But that is certainly not the sort of information that Caroline is after. She wants to know where he comes from, what he does, whether he is married, what his wife was, or is, like, whether he has children, what his mother’s maiden name was—and so on. Somebody very like Caroline must have invented the questions on passports, I think.

Hugh Fraser

Christie is always brilliant at misdirection, and this book may be her best example of that. Is it fair-play? Yes, I think so – I think there are enough clues to allow the reader to work it out, but they’re so beautifully hidden I bet very few readers will. However, unlike a lot of clever plotters, Christie always remembers that to be truly satisfying a mystery novel needs more than that. In this one, the Sheppards are really what make it so enjoyable – the doctor’s often satirical observations of Poirot and his fellow villagers, and Caroline’s good-natured love of gossip. Combined with Poirot’s little grey cells and eccentricities, they make this not only a triumph of plotting but a highly entertaining read too. And, as always, Hugh Fraser is the perfect narrator. Great stuff!

Audible UK Link
Audible US Link

Evil Under the Sun by Agatha Christie, plus Murder, She Said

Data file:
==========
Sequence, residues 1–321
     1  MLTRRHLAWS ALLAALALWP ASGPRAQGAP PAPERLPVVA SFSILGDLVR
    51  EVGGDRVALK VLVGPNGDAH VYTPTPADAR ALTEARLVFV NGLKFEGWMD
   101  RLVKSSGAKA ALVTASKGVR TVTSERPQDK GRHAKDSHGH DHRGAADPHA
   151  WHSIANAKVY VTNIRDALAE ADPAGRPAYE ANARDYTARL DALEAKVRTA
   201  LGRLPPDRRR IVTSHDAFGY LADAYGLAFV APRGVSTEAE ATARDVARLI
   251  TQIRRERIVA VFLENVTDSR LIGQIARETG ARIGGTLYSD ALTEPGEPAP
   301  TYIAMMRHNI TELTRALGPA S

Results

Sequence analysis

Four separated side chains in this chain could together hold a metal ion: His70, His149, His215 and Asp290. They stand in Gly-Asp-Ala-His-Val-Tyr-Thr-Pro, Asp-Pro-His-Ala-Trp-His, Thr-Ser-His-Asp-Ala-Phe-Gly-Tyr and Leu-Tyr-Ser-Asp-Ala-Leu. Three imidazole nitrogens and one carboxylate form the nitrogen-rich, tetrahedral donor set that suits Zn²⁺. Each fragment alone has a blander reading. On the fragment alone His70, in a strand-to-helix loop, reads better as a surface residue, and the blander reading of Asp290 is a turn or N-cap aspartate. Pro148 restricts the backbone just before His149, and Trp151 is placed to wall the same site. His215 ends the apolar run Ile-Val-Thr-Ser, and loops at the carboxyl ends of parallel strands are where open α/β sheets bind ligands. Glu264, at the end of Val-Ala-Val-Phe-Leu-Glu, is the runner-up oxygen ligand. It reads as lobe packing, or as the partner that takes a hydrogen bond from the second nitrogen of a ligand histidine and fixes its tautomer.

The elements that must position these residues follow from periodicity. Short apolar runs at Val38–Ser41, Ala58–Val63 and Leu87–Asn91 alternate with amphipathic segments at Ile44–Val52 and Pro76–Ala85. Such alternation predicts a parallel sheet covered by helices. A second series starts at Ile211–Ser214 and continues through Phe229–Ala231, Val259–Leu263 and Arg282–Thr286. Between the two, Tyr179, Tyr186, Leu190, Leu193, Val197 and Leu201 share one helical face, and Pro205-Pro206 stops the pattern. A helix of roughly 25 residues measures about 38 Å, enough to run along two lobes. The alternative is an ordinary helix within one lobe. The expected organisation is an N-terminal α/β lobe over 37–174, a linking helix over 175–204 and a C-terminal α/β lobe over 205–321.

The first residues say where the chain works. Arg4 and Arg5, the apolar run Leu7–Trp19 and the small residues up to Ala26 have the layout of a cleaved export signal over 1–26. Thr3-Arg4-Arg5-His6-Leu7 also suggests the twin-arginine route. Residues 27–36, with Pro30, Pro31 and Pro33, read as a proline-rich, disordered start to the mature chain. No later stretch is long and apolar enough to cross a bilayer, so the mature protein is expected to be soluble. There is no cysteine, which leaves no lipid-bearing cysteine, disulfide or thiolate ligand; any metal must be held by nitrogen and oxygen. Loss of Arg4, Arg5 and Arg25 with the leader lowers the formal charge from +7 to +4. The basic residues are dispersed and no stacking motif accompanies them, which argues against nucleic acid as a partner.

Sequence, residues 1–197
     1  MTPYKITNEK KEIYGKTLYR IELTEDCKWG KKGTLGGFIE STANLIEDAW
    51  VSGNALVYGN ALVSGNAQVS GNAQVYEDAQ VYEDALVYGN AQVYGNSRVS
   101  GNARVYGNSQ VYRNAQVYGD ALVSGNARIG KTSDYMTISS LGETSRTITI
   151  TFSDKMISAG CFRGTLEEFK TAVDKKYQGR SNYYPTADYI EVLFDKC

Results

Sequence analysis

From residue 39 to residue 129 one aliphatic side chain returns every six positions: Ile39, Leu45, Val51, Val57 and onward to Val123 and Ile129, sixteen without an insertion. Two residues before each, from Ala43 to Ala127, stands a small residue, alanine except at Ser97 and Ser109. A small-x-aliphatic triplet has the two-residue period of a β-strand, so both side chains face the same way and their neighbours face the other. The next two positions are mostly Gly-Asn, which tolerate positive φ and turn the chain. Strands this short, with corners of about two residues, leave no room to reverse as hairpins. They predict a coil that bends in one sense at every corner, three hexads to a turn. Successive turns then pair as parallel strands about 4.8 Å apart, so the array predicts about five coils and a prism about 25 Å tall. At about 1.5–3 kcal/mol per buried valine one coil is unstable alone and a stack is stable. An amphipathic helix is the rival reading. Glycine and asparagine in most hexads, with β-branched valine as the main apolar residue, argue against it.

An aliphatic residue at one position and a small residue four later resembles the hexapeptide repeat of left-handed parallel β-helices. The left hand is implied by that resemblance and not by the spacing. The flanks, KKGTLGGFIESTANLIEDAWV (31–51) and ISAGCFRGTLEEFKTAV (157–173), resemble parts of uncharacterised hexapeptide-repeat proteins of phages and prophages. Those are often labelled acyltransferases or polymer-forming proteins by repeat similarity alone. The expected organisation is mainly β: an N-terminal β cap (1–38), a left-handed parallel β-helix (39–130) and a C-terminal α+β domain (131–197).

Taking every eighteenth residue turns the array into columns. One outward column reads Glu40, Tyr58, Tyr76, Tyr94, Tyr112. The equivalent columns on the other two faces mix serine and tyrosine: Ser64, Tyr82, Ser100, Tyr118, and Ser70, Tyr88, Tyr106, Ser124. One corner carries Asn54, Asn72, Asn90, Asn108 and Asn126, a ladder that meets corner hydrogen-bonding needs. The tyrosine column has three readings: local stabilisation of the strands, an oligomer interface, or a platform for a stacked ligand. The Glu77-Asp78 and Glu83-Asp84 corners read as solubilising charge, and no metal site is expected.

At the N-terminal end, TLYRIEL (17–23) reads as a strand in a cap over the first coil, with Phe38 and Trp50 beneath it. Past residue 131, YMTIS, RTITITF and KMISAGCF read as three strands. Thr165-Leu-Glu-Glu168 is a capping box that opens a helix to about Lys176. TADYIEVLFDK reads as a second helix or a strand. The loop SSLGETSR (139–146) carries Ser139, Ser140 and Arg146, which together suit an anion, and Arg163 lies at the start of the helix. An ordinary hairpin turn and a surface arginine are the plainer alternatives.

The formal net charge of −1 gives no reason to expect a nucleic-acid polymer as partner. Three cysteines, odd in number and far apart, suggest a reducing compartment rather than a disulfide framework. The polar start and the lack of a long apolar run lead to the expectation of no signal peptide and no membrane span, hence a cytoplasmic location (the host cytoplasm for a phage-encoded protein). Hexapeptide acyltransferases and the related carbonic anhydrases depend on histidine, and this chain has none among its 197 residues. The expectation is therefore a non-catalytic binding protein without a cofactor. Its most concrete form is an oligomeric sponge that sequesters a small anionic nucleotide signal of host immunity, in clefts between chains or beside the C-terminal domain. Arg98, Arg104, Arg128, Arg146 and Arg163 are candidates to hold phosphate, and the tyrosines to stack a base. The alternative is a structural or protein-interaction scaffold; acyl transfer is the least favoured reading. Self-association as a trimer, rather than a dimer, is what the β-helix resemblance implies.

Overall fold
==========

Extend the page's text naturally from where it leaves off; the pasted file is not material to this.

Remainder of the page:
Evil Under the Sun

Beware! Poirot on holiday!

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The Jolly Roger Hotel sits secluded on Smuggler’s Island, a promontory off the Devon coast that can be reached only by boat or over the paved causeway from the mainland. Here the well-to-do come for a peaceful holiday in luxurious surroundings. Imagine their horror, then, on discovering that Hercule Poirot has booked in as a fellow guest! The man is a walking pestilence – wherever he goes, murder is sure to follow. There ought to be a special clause about him in travel insurance policies!

As beautiful actress Arlena Stuart comes out of the hotel and walks to the beach, all eyes are drawn to her; the men in admiration, the women in disapproval. Arlena has a reputation – gossip about her relationships with various men is whispered whenever her name is mentioned. Her husband, Captain Kenneth Marshall, seems to be either unaware or uncaring of his wife’s indiscretions, but he’s the only one. Here on Smuggler’s Island, Arlena is carrying on a heady flirtation with a fellow guest – a young man by the name of Patrick Redfern – careless of the effect on Patrick’s young wife, Christine. Patrick seems trapped in Arlena’s web, unable to escape, as so many other men are rumoured to have been before. Fanatical minister Stephen Lane sees her as the embodiment of evil; Rosamond Darnley hates seeing how she treats Rosamond’s childhood friend, Kenneth; Kenneth’s daughter from an earlier marriage resents this woman who has come into their home and brought no happiness with her. There are rumours that Arlena is being blackmailed, and any of the other guests could be the blackmailer. So when Arlena’s body is found in a lonely cove, everyone on the island finds themselves suspect…